WGS 2019: Wellbeing indicators should include state of the environment, community health, cultural and social ties

DUBAI, 10th February, 2019 (WAM) — Gross domestic product (GDP) has prevailed as a metric for the growth and wellbeing of countries for decades, but significant indicators such as state of the environment, community health, cultural and social ties should be included, agreed a panel of speakers at the Happiness and Wellbeing forum, held at the seventh World Government Summit (WGS 2019) today.

The three speakers expressed a consensus that governments need to look beyond GDP when it comes to gauging the positive development and happiness of their citizens. While GDP may be an indicator of how the economy is performing, it does not factor in the environmental, social and cultural factors.

“‘What makes you happy?’ The answer will rarely be economy. Thriving social and personal relationships are a priority in driving citizen happiness,” said Sophie Howe, Future Generations Commissioner for Wales, UK. She added that governments need to adopt a holistic approach to improving quality of life to prevent the world from becoming a disjointed and dystopian place.

Deliberating on the governments’ role in enhancing the wellbeing of citizens, Dr Tony Burton, Deputy Chief Economic Advisor for the New Zealand Treasury, posed the question: “How can we change the way government operates in line with the private sector?”

He suggested that changes should not be limited to the budget, but should be applied across the government. Budgets should only be viewed as a small part of the major change that needs to take place. Treasuries need to ensure that financial systems and legislations do not serve as barriers and instead align with other governmental departments and sectors to offer better opportunities.

Dr Burton also pointed out that these decisions boil down to the people involved, and governments need to ensure that Cabinet committees include people who prioritize providing education and health opportunities to citizens. He applauded the efforts of Ohood Al Roumi, UAE Minister of State for Happiness and Wellbeing, in prioritizing the happiness and wellbeing of citizens. His talk concluded with an emphasis on coordinating departments and endeavors to improve their efficiency.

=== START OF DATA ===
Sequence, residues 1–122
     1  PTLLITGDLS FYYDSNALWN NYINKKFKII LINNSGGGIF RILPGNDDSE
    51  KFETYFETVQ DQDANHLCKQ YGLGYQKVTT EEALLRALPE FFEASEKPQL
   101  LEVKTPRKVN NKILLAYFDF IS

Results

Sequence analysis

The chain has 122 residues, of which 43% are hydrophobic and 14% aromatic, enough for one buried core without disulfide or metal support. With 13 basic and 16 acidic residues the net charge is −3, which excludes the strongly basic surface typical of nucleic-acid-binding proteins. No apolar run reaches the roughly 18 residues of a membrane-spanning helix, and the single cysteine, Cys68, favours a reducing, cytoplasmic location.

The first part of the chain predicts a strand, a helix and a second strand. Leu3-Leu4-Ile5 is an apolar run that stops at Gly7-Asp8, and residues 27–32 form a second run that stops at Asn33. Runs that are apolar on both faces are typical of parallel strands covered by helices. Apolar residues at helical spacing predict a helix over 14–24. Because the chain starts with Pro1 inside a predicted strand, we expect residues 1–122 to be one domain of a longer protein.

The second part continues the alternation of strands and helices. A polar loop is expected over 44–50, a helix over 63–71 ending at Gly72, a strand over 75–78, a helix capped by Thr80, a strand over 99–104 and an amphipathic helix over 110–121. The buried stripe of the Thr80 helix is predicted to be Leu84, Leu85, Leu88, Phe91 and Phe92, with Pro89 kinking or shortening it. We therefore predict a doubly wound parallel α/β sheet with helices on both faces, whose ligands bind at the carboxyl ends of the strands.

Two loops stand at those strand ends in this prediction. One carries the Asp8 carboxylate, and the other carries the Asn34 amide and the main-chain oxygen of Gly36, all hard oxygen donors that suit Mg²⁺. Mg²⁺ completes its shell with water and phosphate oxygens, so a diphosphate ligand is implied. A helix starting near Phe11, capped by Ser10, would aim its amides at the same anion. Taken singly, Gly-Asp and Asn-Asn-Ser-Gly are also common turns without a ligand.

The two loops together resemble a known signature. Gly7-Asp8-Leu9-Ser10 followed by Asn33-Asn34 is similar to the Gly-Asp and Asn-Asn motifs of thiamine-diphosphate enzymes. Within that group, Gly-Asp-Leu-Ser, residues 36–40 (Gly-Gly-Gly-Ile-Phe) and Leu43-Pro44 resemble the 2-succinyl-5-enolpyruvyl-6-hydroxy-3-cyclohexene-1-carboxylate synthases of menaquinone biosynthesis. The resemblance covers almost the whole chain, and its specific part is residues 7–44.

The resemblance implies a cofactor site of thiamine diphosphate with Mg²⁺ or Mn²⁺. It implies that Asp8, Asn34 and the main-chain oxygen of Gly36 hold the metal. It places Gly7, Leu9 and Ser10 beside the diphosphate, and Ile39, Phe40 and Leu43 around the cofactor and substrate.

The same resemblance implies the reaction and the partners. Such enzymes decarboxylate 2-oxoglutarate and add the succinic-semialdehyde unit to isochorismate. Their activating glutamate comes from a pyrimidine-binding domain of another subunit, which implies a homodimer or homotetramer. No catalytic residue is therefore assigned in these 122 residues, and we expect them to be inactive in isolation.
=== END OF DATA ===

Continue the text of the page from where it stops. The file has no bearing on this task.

Another recurring theme of the discussion was the need to create a better world for future generations, especially with positivity levels dropping across the globe.

Economic and social theorist, and President of Positive Planet, Jacques Attali, said: “The global index of positivity is on the decline.” He encouraged members of the audience to treat the upcoming generation as their children and invest in creating better opportunities for them, pointing out that this is a “cynic rationality” and a “selfish” approach, as the welfare of the future economy lies on the shoulders of the next generation. If the next generation fails, the future will be terrifying as the economy will collapse.

Howe echoed her fellow panelists’ desire to create a framework for developing and measuring the performance of the government in enhancing the wellbeing of the community, in addition to the country’s economic performance. She cited the example of Wales that implemented the Well-being of Future Generations Act to alert public bodies to their obligation to achieve wellbeing goals while observing the principles of sustainable development.

She further discussed the importance of kindness, and how performing little acts of kindness could go a long way in building a positive community. In closing, she reminded the audience that our aim is to change people’s hearts and minds, as we often tend to forget that these contribute towards making the world a better place.

The three-day World Government Summit 2019 runs until February 12 at Madinat Jumeirah in Dubai. The landmark event has convened more than 4,000 participants from 140 countries, including heads of state and governments, as well as top-tier representatives of 30 international organizations.


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